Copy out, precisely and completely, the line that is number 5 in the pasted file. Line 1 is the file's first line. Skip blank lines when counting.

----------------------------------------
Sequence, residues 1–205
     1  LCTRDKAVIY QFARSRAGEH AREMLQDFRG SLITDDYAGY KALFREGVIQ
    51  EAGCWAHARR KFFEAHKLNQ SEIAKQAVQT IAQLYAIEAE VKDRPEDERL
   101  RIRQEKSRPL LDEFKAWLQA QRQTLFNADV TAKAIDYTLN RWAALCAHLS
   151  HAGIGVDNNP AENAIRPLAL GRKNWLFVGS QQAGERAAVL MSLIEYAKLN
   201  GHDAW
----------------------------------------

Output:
   151  HAGIGVDNNP AENAIRPLAL GRKNWLFVGS QQAGERAAVL MSLIEYAKLN